Monday, 20 February 2017

Feb 20th Minsmere

It was very warm this morning at Minsmere. It felt as if it was May than February. It was so warm, I actually had to take my coat off! Spring seems to have arrived early this year. The catkins are out and the bees were pollinating them. I even saw my first butterfly of 2017, a comma that was busy warming itself in the warm February sunshine. As if left on standby, these insects emerge into action from their winter hiding places as soon as temperatures rise a bit more than usual.

Honey Bee pollinating a Gorse flower
Hazel catkins
Mute Swans

 On the sightings board today, there were a couple of duck species written up there that are always worth looking for even though they are not exactly rare or anything. There were apparently some smew somewhere around the scrapes between the Wildlife Lookout hide and the pond. We went to the Wildlife Lookout first, but apart from curlews, snipe, wigeon, teal, a pair of mute swans and a kestrel, there was no sign of any smew from here.

Marsh Tit
Next up was a walk through the woods towards Island Mere Hide. The birds seemed to be preparing for spring as many were in full song, a secret language that is used in both claiming territory and attracting a mate. Many, though, were still traveling together in noisy mixed winter flocks as they search every branch in the canopy for a morsel to eat. We watched foraging goldcrests being joined by a growing flock of many species including marsh tits, long-tailed tits, blue tits, great tits, chaffinches and siskins. Treecreepers trilled their short squeaky songs from the trunks of trees, while a green woodpecker chuckled it's yaffling call from somewhere nearby. Minsmere's marsh harriers were also in full voice as they appeared to be already sky dancing, displaying high above us. I also saw this muntjac deer grazing, not taking any notice of us standing a several feet away.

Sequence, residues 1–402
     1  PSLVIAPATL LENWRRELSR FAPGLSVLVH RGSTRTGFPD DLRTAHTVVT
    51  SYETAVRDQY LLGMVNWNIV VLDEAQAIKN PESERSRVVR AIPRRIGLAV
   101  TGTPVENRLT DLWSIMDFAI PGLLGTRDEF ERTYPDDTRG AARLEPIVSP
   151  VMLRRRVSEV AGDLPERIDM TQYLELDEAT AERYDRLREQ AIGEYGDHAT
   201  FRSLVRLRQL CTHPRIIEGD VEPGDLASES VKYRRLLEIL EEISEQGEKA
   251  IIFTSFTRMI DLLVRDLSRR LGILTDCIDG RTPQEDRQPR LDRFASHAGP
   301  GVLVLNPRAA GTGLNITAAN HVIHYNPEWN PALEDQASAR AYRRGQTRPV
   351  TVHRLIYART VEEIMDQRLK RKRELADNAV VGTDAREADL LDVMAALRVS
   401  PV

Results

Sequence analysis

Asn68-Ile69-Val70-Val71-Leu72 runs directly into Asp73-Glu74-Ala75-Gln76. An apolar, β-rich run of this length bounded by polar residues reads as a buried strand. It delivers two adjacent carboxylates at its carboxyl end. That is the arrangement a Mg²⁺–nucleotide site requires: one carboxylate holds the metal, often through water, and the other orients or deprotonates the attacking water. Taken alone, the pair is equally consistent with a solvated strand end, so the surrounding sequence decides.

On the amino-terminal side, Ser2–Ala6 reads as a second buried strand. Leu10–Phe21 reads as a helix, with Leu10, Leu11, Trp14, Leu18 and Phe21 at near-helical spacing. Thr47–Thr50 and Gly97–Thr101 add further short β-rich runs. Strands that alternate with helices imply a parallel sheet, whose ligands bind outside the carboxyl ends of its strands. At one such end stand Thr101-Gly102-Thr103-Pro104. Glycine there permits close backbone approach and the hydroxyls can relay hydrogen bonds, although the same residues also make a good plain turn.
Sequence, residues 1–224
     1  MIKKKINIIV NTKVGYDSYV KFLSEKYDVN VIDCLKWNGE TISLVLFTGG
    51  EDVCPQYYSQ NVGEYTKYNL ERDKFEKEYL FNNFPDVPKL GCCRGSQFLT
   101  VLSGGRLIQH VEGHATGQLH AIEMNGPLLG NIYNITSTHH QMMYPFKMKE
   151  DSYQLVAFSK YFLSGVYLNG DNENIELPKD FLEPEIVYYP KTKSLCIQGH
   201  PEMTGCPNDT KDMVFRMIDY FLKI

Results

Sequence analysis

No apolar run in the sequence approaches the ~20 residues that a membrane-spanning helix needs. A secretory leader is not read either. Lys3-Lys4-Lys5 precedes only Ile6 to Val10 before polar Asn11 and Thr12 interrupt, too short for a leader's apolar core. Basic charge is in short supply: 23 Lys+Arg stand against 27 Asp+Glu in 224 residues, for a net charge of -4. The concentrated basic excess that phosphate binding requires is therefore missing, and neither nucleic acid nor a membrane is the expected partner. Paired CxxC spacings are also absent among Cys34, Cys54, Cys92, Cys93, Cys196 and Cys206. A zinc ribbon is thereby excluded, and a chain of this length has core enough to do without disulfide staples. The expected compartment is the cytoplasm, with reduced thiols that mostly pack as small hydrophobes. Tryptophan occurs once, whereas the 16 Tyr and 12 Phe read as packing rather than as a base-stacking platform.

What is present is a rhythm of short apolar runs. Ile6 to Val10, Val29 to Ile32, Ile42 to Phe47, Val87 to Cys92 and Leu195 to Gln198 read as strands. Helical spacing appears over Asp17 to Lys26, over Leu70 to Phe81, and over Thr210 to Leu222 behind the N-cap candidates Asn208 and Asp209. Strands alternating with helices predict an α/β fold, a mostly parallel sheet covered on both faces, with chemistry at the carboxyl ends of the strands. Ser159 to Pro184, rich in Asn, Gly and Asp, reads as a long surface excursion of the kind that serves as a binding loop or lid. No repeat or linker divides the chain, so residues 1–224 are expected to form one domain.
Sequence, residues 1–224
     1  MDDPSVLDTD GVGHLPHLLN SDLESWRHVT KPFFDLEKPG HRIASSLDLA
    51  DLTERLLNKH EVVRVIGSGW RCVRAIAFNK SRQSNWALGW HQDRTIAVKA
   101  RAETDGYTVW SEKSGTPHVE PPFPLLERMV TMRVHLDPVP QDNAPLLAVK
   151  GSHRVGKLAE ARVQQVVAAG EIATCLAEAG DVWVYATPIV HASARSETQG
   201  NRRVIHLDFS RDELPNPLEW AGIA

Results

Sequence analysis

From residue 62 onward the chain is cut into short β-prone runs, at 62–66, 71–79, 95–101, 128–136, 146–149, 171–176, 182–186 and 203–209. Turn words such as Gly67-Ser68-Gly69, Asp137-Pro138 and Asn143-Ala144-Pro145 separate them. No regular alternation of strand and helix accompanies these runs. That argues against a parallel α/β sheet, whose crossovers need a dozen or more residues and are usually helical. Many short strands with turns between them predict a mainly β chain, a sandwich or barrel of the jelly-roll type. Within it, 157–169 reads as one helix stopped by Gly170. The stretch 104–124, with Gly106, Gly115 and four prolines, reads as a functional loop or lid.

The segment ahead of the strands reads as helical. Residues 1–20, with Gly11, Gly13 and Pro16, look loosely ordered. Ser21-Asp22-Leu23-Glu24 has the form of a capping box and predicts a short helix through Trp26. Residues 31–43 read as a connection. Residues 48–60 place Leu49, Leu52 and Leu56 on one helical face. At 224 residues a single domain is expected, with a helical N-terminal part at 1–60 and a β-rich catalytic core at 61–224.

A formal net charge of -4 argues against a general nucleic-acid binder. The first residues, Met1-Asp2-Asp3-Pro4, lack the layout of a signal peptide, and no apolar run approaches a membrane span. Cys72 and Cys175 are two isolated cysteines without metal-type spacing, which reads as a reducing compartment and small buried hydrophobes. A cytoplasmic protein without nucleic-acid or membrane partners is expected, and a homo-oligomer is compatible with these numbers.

Muntjac Deer
Gulls from Bittern Hide

From Island Mere Hide, the sun was shining right in our face and the surface of the mere was reflected to a blinding shimmer making in it harder to see for the most part. It was easier to see the snipe that were in the stubbled reedy pools right in front of the hide than the goosanders that I was hoping to see out on the water. The goosanders were hiding in the far corner of the mere, tucked out of sight behind a reed bed. Eventually, they did emerge into view and were moving closer and closer to the centre of this body of water, though because of the brightness of the sun, they were rather silhouetted. One of these saw-billed ducks did swim close to the shore in front of the hide, however, even from here the sun made it hard to see it clear enough. High in the sky, away from the blinding sun, I was able to spot a peregrine falcon soaring so high that it almost appeared as a dot in the clouds.
Marsh Harrier

Male and female Smew
After lunch, I heard that the smew were at a pool close to the pond near the visitor centre. A temporary viewpoint on an embankment provided Mum and I with some great views of a pair of these charming little ducks. The male stands out with its bright white plumage with black markings. A truly handsome looking bird. The female was not quite as handsome, but is best described as a redhead. Smew are winter visitors to the UK and Minsmere is a bit of a hotspot for them at this time of year. There is usually one or two about every February and March here. It is always a pleasure whenever I see one, especially if its a male. Even Mum thinks they are rather cute for a duck.

 I then went to the East Hide. There wasn't much to see out on the scrapes today. There were mostly teal, lapwings, a few black-tailed godwits, dunlin, shelducks, shovelers and redshanks. At this point the weather turned and grey skies and blustery wind replaced the glorious sunshine. The birds now look rather windswept, probably as surprised as I am to have the warmth of the morning sun being blown away by the afternoon's windy conditions.

Black-tailed Godwit
Herring Gull

On the way back, I saw a couple of stonechats and I found something special to keep the invertebrate hunter in me happy. This strange object that I am holding in my hand is a cuttlebone. This is not actually a bone. It is a chambered, gas-filled shell that is used for buoyancy control. A unique object and the only thing that remains of its owner. If the creature was alive, this object would be inside its back. But what's the creature you might ask? It is a cuttlefish, a squid-like animal that lives offshore around the UK's coastline. I would love to see a wild cuttlefish in the flesh, but unfortunately, I am not a diver or have any diving gear of any kind, so this cuttlebone is the next best thing.

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